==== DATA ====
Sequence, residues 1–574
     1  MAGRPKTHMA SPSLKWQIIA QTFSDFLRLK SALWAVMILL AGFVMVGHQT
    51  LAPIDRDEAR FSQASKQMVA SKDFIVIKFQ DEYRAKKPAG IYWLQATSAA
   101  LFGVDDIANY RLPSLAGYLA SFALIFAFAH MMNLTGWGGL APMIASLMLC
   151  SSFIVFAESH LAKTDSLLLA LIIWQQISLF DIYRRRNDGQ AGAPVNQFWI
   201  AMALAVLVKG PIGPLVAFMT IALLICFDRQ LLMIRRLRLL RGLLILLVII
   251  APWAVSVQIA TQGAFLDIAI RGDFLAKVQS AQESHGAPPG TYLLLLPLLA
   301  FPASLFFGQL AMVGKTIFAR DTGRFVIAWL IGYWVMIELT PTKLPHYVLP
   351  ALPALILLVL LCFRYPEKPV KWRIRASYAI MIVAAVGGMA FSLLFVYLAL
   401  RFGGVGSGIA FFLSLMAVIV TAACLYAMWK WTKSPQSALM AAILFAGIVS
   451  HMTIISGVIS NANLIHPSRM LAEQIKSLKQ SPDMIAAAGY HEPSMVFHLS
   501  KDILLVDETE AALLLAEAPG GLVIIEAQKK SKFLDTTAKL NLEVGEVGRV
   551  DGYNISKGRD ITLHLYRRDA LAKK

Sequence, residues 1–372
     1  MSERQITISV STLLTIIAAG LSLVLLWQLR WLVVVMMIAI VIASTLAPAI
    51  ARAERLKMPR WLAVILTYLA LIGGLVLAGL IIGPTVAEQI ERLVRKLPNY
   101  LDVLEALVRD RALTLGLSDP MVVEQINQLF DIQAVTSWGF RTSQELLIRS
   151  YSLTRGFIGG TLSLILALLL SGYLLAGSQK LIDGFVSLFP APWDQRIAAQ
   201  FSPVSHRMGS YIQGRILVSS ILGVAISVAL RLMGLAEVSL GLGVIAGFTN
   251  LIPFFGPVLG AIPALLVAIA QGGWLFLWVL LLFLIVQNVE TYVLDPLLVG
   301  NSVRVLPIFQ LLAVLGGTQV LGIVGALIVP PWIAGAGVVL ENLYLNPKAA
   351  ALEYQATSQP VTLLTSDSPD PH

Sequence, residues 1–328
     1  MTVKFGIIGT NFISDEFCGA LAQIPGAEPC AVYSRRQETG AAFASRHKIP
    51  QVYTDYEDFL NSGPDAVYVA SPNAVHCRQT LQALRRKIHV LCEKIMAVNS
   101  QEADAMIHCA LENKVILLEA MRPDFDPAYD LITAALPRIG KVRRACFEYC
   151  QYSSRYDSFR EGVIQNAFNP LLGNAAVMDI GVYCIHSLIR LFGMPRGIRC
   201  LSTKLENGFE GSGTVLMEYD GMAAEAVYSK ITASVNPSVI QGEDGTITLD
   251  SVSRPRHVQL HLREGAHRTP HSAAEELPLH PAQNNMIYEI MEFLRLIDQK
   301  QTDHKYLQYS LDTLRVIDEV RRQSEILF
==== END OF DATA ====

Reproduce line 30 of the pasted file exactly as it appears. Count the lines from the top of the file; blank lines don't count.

   301  QTDHKYLQYS LDTLRVIDEV RRQSEILF